As top general, Gantz orchestrated two Gaza wars in which around 2,300 Palestinians were killed.

“We don’t differentiate between either Gantz or Netanyahu,” said Moussa Abu Mazouk of Gaza’s dominant Hamas Islamists.

The more moderate Palestinian Authority has said it is open to talking to any Israeli leader. But Hanan Ashrawi, a senior Palestine Liberation Organization official, also said before the September election that Gantz was no different from Netanyahu.QUESTIONS OF CHARACTER

 

Gantz, who is 6 foot 3 inches (1.91 meters) tall, was brought up on a collective farm founded by Holocaust survivors including his parents, and had a stint in a religious school. He is married to an ex-paratrooper with whom he has four children.

Throughout the election he attacked Netanyahu over corruption allegations that have dogged the prime minister for years, and which the veteran leader denies.

Netanyahu’s counter-charge that a suspected Iranian hack of Gantz’s cellphone may have opened him up to blackmail by Israel’s enemy did not appear to dent the challenger’s image.

A more earthy orator than Netanyahu, he makes occasional scriptural word play and is given to reminding listeners of his military background. When his party won more seats than Netanyahu, he spoke of having fulfilled his “mission” and of his rival having failed in his.

Netanyahu has cast Gantz as a “weak leftist” who was gun-shy on Iran and the Palestinians while in uniform.

It was, however, Netanyahu who appointed Gantz as Israel’s top general and, at the time, praised him as “an officer and a gentleman … a warrior and a human being”.

As a brigadier-general in 1999, Gantz took over a liaison unit to Lebanese allies. By the following year, when Israel withdrew from south Lebanon, Gantz was a media darling.

He went on to serve a relatively short period in the West Bank, where a Palestinian revolt raged. Gantz later commanded forces on the Lebanese border but was reassigned before the inconclusive 2006 war with Hezbollah, so was spared much of the after-action blowback from an Israeli inquest.

How he won the nickname “The Prince” is unclear. Some say it stemmed from his assured rise through the ranks, others from what critics call his sense of entitlement.

Gantz has dismissed suggestions he lacks the stomach to fight. Referring to a Hamas military commander whom he ordered assassinated in 2012, he said in January: “The heads of the terrorist groups need to know that Ahmed Jaabari was not the first, nor may he be the last.”

Retired U.S. general Martin Dempsey, who as chairman of the Joint Chiefs of Staff between 2011 and 2015 was Gantz’s counterpart, recalled him as a “superb leader” in that role.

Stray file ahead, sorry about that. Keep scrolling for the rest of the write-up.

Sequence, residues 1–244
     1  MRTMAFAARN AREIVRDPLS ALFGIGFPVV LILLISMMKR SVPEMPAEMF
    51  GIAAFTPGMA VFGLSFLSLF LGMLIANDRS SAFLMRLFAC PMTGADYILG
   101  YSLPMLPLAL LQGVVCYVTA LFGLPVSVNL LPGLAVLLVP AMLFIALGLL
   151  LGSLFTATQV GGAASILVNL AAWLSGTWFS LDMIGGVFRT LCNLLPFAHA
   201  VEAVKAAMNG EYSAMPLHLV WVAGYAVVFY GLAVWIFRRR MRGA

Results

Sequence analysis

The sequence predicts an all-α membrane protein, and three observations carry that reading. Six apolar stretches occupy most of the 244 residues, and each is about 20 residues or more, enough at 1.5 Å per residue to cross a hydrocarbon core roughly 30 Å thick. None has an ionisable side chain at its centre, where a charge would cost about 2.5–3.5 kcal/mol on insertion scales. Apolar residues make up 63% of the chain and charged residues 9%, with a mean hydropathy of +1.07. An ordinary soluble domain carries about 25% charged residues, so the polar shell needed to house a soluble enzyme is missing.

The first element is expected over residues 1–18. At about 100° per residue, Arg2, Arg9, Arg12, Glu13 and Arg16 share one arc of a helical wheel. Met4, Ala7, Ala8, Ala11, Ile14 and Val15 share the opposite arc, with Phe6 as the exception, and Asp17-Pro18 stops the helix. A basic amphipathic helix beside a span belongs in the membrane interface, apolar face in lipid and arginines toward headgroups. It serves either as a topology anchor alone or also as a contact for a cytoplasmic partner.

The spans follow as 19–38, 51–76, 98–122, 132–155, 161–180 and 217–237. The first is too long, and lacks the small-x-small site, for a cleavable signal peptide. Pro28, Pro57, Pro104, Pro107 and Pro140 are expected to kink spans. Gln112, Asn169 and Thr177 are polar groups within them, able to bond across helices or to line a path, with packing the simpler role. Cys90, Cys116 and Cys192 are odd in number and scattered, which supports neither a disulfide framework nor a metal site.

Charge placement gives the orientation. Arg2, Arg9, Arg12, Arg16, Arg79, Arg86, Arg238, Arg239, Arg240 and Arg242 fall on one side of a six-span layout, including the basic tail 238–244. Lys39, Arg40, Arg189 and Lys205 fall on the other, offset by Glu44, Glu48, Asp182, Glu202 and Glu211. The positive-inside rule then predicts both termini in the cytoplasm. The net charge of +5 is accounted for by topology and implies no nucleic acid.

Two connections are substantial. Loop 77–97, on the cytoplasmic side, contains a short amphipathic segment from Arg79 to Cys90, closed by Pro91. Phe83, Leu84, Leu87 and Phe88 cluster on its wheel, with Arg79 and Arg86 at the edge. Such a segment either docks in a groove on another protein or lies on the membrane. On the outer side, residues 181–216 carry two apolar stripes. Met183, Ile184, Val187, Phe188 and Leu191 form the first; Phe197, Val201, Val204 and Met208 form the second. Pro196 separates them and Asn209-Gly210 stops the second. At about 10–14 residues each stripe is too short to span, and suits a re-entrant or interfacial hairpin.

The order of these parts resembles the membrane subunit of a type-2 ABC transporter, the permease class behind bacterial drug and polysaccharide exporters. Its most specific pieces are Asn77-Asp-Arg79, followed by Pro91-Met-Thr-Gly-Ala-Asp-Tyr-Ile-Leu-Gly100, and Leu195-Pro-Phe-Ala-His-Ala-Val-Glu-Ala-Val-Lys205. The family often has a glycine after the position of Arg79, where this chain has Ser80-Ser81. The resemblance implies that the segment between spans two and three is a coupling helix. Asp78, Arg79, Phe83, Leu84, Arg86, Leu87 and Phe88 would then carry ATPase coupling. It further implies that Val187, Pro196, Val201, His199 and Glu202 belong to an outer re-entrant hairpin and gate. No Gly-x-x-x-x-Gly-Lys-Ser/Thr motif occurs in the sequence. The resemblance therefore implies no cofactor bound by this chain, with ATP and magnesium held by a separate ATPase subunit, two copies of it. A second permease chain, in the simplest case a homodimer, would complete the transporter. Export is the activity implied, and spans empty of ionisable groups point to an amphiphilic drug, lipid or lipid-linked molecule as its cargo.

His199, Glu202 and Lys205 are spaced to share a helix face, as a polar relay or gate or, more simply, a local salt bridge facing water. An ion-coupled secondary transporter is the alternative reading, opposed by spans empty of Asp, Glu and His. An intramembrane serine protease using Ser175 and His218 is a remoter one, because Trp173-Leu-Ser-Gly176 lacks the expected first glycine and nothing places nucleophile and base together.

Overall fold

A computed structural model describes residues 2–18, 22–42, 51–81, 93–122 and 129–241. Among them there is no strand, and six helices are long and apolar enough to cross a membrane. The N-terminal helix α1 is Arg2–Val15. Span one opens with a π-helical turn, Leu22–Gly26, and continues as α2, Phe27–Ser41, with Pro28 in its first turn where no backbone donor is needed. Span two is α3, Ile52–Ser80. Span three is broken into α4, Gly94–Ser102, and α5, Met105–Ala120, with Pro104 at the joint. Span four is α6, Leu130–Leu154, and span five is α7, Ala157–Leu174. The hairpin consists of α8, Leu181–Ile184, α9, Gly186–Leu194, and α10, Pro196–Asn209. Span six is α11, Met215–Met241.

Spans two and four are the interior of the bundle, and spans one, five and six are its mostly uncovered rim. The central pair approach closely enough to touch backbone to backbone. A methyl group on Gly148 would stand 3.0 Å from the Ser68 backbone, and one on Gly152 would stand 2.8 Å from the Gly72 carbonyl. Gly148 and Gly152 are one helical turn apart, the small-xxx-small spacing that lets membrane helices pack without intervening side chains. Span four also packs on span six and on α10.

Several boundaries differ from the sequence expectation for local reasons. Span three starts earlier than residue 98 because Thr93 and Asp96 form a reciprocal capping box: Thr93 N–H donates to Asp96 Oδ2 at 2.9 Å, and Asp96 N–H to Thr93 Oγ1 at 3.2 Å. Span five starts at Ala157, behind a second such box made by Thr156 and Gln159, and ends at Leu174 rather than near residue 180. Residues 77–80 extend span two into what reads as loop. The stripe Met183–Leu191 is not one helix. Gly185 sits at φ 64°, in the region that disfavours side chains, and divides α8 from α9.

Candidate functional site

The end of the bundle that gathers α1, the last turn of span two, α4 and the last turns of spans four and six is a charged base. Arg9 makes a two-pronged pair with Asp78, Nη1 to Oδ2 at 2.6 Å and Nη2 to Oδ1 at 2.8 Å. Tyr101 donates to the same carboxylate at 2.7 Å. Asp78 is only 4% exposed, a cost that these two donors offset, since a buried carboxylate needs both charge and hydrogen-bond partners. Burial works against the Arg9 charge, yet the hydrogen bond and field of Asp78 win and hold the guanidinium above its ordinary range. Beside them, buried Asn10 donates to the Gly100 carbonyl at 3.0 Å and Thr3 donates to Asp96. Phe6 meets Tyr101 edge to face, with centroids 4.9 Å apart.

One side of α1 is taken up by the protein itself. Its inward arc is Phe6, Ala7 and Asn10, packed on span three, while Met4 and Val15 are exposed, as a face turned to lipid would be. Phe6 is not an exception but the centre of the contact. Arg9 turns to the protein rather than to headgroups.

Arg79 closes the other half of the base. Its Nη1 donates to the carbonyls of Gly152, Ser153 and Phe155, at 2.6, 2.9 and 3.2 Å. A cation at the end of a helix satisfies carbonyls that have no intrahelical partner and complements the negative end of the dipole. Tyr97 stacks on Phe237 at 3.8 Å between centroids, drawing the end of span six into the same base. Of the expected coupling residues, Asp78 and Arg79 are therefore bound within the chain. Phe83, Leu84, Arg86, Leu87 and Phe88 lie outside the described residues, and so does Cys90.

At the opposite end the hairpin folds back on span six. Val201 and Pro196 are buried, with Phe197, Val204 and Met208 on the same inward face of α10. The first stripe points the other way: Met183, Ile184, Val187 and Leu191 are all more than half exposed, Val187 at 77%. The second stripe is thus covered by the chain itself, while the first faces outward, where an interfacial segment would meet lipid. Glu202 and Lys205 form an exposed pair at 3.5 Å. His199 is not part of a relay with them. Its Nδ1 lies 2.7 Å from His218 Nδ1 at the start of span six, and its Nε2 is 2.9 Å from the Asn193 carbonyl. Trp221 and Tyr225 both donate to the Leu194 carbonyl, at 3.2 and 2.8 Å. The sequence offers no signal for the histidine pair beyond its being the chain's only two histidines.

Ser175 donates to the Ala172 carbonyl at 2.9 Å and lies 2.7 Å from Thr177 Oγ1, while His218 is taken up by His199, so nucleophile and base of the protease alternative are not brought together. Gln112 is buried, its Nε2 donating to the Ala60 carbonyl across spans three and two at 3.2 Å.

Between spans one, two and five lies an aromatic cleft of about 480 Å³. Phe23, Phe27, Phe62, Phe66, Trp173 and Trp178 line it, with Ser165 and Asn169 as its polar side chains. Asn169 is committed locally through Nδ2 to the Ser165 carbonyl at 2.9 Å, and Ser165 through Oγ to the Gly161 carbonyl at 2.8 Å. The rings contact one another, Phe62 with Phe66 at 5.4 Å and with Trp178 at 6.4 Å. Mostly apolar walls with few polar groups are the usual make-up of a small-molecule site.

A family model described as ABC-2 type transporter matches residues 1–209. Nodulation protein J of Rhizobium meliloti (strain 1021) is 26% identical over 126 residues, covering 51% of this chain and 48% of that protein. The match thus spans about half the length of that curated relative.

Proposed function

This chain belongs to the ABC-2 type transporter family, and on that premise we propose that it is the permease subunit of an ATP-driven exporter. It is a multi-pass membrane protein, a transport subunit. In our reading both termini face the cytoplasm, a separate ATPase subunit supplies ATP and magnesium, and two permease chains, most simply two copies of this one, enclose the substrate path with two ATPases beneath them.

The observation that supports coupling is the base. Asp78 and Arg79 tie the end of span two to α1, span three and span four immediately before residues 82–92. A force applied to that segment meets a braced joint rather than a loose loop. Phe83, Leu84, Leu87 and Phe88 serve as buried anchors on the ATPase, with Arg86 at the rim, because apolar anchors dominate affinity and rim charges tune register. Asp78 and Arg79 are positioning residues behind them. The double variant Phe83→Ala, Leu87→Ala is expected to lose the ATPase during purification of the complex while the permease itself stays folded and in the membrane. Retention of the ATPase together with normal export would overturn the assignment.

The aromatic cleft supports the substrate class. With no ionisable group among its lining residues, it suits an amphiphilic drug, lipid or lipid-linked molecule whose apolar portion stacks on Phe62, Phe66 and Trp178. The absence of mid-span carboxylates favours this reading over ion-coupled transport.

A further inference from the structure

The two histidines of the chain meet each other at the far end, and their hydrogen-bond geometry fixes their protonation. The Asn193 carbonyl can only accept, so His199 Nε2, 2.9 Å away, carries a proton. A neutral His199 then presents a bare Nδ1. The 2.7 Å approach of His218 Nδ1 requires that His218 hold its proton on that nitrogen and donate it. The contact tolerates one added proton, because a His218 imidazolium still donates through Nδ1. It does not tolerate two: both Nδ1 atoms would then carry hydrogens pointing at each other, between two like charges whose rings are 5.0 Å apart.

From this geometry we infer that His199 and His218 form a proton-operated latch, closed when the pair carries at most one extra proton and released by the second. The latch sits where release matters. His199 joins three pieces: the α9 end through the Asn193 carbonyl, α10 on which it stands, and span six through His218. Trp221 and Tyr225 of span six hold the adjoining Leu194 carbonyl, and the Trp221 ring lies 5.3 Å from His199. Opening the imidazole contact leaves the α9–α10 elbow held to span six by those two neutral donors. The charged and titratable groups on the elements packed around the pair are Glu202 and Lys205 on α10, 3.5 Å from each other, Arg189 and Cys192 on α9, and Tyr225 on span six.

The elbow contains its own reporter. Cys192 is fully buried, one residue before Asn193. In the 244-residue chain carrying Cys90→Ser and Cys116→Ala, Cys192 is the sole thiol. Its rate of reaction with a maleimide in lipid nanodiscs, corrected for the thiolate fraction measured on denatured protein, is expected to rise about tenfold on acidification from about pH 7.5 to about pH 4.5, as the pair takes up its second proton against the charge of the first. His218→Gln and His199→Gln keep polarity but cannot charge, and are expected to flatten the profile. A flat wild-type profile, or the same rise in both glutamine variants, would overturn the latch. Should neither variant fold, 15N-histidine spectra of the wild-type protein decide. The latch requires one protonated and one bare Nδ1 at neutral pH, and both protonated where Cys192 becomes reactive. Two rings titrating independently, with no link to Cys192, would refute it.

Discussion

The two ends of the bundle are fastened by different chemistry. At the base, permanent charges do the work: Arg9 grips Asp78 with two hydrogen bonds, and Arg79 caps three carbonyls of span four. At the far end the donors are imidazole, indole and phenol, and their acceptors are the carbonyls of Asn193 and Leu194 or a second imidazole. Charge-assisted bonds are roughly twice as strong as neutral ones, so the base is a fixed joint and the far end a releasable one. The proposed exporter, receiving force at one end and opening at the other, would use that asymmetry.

Gantz has made no secret of learning on the job, and is leaning on his partners in the Blue and White leadership, who include two other former military chiefs of staff, a former defense minister and a former finance minister.

(Editing by Timothy Heritage)

Netanyahu tapped by Israel’s president to assemble new government

JERUSALEM (Reuters) – Israel’s president tasked Prime Minister Benjamin Netanyahu on Wednesday with assembling a new government after power-sharing talks with his strongest rival, Benny Gantz, failed following an inconclusive election.

Netanyahu, head of the right-wing Likud party, and Israel’s longest-serving leader, still has no clear path to a fifth term after emerging from the Sept. 17 ballot, the second this year, short of a parliamentary majority.

“I have decided to give you, sir, the opportunity to assemble a government,” President Reuven Rivlin said to Netanyahu at a nomination ceremony.

He will have 28 days to form a coalition and can ask Rivlin for a two-week extension if necessary. Netanyahu’s failure to clinch victory in a ballot in April led to last week’s election and left him politically weakened.

In the new countdown, Likud has the pledged support of 55 legislators in the 120-member parliament, against 54 for Gantz’s centrist Blue and White Party. The two parties failed to reach a coalition deal in talks launched on Tuesday.

Former Defence Minister Avigdor Lieberman, a possible kingmaker, has been keeping his far-right Yisrael Beitenu party on the fence since the Sept. 17 ballot, citing differences with both Likud’s and Blue and White’s political allies.

(Reporting by Jeffrey Heller; Editing by Alex Richardson)

Explainer: “Only Bibi” no more – Israel’s Netanyahu seeks power-sharing deal